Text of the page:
Last (but not least) I have now flown through the blue yonder shawl. This is from the very lovely 4ply that KnitWit bought me at Christmas (which is incredibly soft) and I chose “Timpani” from Sock Yarn Shawls. This starts off with a plain section, which should show off the subtle blue/lavender purple colour wash and then ends with an interlocking rectangle lace trim. Things got a bit interesting when I completed the original number of repeats, popped in a little lifeline and then attempted to squeak in another pattern repeat before the trim. For those that heard the howl of frustration, I didn’t! but my trusty life-line meant that it was annoying and not soul destroying.


As a top tip, I have used dental floss for my life-line; not as random as it sounds! The hive mind of Ravelry rates it for life-line as it is slightly waxed (making it easy to remove), stronger than sewing thread (so less likely to snap) and easy to stash in your notions case. However, the minty fresh aroma is definitely a little odd with the lavender scent generated by the anti-moth herb bag.   Let us hope the smell fades over time!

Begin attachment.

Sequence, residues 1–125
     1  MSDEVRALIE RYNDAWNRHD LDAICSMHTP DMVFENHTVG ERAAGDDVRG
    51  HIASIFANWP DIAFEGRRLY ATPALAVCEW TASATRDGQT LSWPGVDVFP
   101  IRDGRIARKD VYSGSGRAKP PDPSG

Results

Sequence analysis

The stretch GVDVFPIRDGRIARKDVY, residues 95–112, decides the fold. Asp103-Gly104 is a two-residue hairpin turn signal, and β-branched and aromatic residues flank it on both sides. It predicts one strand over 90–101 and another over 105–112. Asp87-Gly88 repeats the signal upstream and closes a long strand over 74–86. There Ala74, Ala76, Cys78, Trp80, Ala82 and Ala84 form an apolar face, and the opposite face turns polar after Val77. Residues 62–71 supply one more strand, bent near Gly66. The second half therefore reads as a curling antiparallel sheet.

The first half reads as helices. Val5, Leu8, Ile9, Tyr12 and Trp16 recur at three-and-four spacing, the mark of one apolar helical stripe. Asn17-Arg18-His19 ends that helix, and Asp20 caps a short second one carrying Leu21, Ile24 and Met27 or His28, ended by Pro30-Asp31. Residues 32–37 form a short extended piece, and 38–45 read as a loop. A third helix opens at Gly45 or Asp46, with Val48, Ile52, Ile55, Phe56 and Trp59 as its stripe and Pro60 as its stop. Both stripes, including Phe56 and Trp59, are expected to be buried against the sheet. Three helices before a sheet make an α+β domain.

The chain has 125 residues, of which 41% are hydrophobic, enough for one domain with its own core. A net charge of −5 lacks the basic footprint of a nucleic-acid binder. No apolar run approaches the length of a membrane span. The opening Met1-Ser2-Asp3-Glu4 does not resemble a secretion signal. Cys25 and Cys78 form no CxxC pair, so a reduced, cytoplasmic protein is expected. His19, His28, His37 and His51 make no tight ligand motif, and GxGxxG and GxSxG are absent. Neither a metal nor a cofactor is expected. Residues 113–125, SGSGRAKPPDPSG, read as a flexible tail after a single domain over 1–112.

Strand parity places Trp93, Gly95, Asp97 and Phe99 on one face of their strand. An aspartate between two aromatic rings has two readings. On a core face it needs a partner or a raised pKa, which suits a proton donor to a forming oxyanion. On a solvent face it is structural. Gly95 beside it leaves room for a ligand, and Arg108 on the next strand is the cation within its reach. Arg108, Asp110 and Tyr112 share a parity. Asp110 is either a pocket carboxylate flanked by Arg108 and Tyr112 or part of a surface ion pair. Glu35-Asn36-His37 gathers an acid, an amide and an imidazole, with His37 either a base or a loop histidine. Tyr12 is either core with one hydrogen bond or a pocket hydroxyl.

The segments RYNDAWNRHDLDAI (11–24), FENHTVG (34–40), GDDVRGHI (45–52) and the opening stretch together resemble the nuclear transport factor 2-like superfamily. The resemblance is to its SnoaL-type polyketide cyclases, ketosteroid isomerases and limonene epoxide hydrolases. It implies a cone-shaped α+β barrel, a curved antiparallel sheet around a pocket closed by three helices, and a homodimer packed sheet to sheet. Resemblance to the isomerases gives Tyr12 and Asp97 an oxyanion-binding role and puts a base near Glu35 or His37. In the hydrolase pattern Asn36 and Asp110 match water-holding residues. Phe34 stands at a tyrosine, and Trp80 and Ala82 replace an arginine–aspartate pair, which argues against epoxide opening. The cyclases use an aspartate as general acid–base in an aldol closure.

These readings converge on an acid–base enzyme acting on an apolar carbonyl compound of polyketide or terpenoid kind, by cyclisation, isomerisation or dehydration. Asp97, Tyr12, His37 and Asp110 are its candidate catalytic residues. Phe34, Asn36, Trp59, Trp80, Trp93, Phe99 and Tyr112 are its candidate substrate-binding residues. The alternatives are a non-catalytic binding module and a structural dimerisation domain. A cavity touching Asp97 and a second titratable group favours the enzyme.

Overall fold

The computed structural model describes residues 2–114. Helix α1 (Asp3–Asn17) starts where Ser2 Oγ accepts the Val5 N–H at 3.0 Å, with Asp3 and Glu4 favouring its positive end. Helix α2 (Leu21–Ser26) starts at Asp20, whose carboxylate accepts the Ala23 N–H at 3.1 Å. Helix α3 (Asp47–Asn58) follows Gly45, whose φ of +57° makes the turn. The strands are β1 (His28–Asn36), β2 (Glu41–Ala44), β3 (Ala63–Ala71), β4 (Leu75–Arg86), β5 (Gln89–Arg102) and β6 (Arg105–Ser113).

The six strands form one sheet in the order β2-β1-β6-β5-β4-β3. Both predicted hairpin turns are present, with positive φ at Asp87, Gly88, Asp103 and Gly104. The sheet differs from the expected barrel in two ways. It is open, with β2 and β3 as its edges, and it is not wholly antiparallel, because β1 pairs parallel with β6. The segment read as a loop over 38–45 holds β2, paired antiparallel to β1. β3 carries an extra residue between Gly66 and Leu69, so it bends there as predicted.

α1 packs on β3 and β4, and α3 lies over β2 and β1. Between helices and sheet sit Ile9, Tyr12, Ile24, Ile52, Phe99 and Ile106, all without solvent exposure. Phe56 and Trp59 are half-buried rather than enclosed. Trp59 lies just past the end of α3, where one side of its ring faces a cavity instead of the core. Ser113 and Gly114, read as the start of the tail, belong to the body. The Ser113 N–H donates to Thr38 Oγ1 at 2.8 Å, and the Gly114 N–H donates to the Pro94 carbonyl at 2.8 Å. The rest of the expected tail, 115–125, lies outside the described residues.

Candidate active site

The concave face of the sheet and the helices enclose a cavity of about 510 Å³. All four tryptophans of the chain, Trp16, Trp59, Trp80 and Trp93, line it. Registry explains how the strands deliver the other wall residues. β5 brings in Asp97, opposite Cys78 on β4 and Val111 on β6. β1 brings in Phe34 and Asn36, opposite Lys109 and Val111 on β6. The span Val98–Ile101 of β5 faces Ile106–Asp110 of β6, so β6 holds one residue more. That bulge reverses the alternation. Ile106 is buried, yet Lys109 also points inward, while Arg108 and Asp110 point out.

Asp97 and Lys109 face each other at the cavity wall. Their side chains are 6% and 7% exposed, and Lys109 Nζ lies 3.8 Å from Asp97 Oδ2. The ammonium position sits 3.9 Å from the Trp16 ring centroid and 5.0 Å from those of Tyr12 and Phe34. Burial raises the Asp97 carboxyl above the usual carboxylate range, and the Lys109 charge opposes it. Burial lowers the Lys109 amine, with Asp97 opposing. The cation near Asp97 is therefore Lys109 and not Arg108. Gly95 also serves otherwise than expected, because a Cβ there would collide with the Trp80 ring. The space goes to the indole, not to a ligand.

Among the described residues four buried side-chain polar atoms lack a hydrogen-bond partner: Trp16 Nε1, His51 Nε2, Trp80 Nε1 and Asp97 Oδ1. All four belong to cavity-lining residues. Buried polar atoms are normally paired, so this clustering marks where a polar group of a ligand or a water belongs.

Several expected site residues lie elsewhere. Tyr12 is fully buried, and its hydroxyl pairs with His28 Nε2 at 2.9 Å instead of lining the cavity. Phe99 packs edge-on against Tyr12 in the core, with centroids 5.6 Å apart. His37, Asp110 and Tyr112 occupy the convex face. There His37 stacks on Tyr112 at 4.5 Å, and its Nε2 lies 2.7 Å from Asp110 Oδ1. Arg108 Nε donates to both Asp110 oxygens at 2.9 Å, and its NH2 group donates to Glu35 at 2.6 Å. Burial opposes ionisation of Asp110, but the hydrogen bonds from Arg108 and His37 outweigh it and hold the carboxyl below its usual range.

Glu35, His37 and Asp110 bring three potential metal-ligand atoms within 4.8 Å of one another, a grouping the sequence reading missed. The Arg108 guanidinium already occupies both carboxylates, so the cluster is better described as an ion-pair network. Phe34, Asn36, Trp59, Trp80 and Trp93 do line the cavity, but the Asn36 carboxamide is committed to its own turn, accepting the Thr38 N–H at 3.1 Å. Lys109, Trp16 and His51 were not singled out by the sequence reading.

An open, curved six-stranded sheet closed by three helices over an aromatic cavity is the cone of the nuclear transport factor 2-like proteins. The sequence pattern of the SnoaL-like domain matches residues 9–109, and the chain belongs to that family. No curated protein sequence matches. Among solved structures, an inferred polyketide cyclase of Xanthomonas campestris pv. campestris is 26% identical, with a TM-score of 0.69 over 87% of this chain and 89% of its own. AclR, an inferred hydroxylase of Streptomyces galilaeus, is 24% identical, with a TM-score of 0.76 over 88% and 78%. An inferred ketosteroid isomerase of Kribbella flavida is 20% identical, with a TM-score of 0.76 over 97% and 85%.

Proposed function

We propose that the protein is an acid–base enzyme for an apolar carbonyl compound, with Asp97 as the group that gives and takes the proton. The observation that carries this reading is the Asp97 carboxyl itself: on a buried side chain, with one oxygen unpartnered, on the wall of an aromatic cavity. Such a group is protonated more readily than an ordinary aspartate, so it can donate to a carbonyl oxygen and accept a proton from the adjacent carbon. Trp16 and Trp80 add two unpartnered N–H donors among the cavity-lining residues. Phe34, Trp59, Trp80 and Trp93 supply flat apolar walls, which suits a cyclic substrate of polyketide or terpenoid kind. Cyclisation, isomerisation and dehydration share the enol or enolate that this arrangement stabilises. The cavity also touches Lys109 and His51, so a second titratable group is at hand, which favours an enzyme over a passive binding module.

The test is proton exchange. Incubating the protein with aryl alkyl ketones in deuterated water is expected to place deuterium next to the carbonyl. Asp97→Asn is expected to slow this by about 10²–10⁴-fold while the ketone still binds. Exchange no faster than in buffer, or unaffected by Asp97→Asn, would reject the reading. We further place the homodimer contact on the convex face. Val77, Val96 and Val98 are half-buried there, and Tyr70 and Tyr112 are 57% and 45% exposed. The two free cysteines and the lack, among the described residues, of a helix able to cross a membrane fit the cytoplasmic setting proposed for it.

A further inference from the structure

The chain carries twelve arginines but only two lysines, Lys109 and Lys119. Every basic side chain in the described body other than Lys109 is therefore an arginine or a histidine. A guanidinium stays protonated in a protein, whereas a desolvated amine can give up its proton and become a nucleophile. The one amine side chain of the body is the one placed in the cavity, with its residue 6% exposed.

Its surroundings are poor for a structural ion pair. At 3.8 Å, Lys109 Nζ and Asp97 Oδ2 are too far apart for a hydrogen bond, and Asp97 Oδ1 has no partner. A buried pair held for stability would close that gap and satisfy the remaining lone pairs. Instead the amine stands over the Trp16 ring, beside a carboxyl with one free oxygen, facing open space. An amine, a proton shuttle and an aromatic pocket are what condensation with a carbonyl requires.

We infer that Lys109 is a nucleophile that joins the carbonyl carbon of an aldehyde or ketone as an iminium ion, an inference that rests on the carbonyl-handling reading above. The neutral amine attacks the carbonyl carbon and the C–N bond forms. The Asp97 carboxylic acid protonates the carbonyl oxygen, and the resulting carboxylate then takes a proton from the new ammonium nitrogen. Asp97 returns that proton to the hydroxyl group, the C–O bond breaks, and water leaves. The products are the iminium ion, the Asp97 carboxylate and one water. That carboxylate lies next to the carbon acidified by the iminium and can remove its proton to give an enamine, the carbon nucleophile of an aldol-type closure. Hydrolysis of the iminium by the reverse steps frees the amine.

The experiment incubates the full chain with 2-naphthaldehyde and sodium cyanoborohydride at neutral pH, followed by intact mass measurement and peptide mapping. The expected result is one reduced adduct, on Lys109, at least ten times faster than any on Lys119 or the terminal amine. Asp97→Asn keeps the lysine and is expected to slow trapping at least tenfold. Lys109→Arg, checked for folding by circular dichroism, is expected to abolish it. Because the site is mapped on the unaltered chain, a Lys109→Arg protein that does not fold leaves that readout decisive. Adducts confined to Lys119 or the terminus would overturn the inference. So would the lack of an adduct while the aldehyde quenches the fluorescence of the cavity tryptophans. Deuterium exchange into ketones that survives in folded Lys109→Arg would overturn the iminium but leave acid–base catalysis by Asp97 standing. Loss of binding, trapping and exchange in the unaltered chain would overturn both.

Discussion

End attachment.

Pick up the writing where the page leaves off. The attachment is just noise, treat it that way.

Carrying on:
Hitting the Knitting Kits


With the Christmas knitting finished on time and now safely delivered, I can now turn my attention to my backlog of Let’s Knit kits. I really like these little kits as they are cute and self-contained (hopefully I can remember where I put all the patterns!) and perfect for short-goal knitting.


I have wanted to make some of these things for a couple of years now, but either crazy Christmas knitting, or post-Christmas casting on have always go in the way. I’m sure everyone has a bit of a post-Christmas casting on frenzy; when all those big projects you dream about while knitting for others are meticulously planned, bagged and desperate to start. But the problem is that big things take time to finish and this year I have decided to give into my inner five-year old and knit a few quick things as well.